At global warming’s final frontier, the battle lines are melting
Activism Now! is Dazed staff writer Karen Orton’s monthly profile of the activists, global citizens and civil disobedients fighting for a better world.
When London-based activist Joss Garman speaks about his research trip to the North Pole on the Greenpeace ship “Arctic Sunrise”, you can tell it left an indelible impression. “When you’re standing on the ice in the Arctic, all you can see for miles is water, ice and sea birds,” says the 27-year-old, who is Greenpeace’s acting political director. “Even if you never actually go to the Arctic, it’s the commons of the imagination. It’s the place we all read about in storybooks when we’re young. It is Narnia! Coming back was like walking into a different universe. But people in cities are all dependent on the Arctic. We’re all living on the edge of the ice, it’s not just the Inuit and the polar bears.”
For a growing number of activists, the Arctic is the frontline for global warming. The true magnitude of climate change’s impact hit home this year, with the unprecedented melting of the Arctic sea ice, which hit a record low in September. A shocking 97% was melting at one point – faster then any scientific models have predicted. It’s pointing to the possibility of an ice free Arctic by 2020, and Garman points out, rather bleakly, “if the sea ice disappears, some scientists say that it’s in a ‘death spiral’ – which means it will never recover.” Now that the Arctic’s vast oil and gas fields (estimated to contain more than 20 per cent of the world’s reserves) are increasingly within reach because of retreating ice, corporations and governments are clambering to stake a claim.
A global outcry greeted Shell’s exploratory oil expedition in Alaskan waters this autumn, Maggie James was one of the young activists who took part in the Climate Justice Collective’s protest. The group blockaded the entrance to Shell’s London headquarters by building an igloo made from giant blocks of ice. “We wanted to bring home both the unsung tragedy of the collapse of the ice sheet, but also make clear that there are companies who bear a lot of the responsibility for climate change, and that the same companies, especially Shell, are set to profit from drilling in the Arctic,” James explains.
While Shell’s initial attempt this year was thwarted by a giant marauding iceberg, the energy company plans to go ahead with Arctic drilling next summer. A few campaigners are not taking this lying down. Greenpeace’s protest actions over the last year shut down oil-rigs, ships and icebreakers while landing a number of activists in jail. Protesters recently boarded and locked themselves to the mast of a Shell icebreaker in Finland that was headed for the Arctic, while off the coast of Greenland, activists sped past Danish commandos to scale oil rigs where they prevented drilling by dangling inside the rig in tents which were hung by ropes. Activists also boarded a Shell drilling ship and stopped it from leaving New Zealand for the Arctic, while in the waters off northern Russia, several protestors in inflatable boats tried to prevent Gazprom staff from reaching a drilling platform, ending up in the freezing sea when their boats were overturned by oil rig workers. Last year Kumi Naidoo, the global head of Greenpeace, scaled the ladder of an Arctic oil rig while being blasted by freezing water cannons – he made it to the top only to be immediately arrested. You can’t say they’re not dedicated.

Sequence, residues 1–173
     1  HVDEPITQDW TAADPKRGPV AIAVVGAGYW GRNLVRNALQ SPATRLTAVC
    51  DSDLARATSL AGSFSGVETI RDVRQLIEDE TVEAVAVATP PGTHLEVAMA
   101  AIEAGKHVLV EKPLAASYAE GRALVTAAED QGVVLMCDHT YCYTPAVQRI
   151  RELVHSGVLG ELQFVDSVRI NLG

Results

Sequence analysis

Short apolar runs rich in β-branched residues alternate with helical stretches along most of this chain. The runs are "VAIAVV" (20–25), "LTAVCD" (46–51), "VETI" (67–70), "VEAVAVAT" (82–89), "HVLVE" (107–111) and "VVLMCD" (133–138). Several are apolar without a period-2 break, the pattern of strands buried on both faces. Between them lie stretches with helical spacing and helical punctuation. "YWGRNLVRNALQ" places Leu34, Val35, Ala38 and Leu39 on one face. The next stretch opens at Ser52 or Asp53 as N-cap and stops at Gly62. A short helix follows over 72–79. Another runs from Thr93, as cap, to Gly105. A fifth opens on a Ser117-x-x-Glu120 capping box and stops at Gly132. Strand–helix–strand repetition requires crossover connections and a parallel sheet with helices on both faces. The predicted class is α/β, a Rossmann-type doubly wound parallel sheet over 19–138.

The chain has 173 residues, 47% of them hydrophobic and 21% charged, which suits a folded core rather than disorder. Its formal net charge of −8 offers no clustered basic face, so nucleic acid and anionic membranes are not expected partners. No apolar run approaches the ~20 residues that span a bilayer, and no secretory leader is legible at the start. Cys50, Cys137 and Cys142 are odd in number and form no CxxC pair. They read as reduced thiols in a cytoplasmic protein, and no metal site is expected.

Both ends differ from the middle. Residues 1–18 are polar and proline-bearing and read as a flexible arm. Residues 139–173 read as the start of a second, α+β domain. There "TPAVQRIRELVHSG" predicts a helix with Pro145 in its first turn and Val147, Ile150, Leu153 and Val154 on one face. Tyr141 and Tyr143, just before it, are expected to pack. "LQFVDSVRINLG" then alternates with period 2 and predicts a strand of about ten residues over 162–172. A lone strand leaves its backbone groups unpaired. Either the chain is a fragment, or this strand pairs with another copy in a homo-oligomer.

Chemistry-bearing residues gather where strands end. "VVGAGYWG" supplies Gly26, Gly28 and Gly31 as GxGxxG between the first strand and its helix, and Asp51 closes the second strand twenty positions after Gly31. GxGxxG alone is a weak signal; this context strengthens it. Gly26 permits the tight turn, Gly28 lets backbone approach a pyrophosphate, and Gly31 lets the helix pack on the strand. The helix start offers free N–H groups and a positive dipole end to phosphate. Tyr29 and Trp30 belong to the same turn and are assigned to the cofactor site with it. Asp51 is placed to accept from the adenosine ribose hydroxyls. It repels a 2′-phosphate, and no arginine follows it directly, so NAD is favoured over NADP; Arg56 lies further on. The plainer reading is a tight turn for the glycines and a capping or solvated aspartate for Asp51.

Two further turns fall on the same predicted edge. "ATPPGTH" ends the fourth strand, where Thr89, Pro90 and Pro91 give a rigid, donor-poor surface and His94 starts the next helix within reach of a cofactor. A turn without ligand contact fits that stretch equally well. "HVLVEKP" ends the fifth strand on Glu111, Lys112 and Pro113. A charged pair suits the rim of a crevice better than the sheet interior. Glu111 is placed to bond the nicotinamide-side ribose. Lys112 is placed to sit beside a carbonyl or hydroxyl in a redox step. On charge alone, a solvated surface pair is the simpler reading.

There is a mini-flurry of documentary responses to the threat, too. The acclaimed new documentary Chasing Ice follows photographer James Balog’s race to chronicle Arctic glaciers through time-lapse footage as they disappear before his camera lens. Balog is a former climate change skeptic turned activist, and it’s hard to imagine the most hardened global warming naysayer not being affected by the film. Award-winning photographer, activist and writer Subhankar Banerjee’s recent book Arctic Voices: Resistance at the Tipping Point draws on his experience fighting for indigenous human rights in the North American and Siberian Arctic, where native populations have opposed oil drilling, also to no avail. In a recent interview for Democracy Now! Banerjee reflected on the recent shocking melt in Greenland. “The Arctic is telling us something,” he stated simply. “So far, the big oil and clean coal is winning… Is this the path we want to take? That’s the question as a society, both as a moral question as well as a practical question, that we have to respond to.”
In 2014, a panel will decide who owns the North Pole, and Greenpeace is launching a campaign to create a treaty to claim the area for humanity. Garman thinks that the primary responsibility lies with young people. “We’re the last generation that can sort these problems out. People are joining the dots and seeing that with both the financial and ecological mess, it’s the same major corporations to blame and the politicians who are cowering to them instead of looking after the next generation.” Garman has a young child, which is another reason he won’t be selling out anytime soon. “By the time my son goes to university, if he went to the Arctic it could just be open water,” Garman reflects. “He wouldn’t see polar bears wandering around and seals swimming next to him. When I go to the Arctic, it reminds me why I do what I do. It definitely makes me feel like I’m in a race against time.”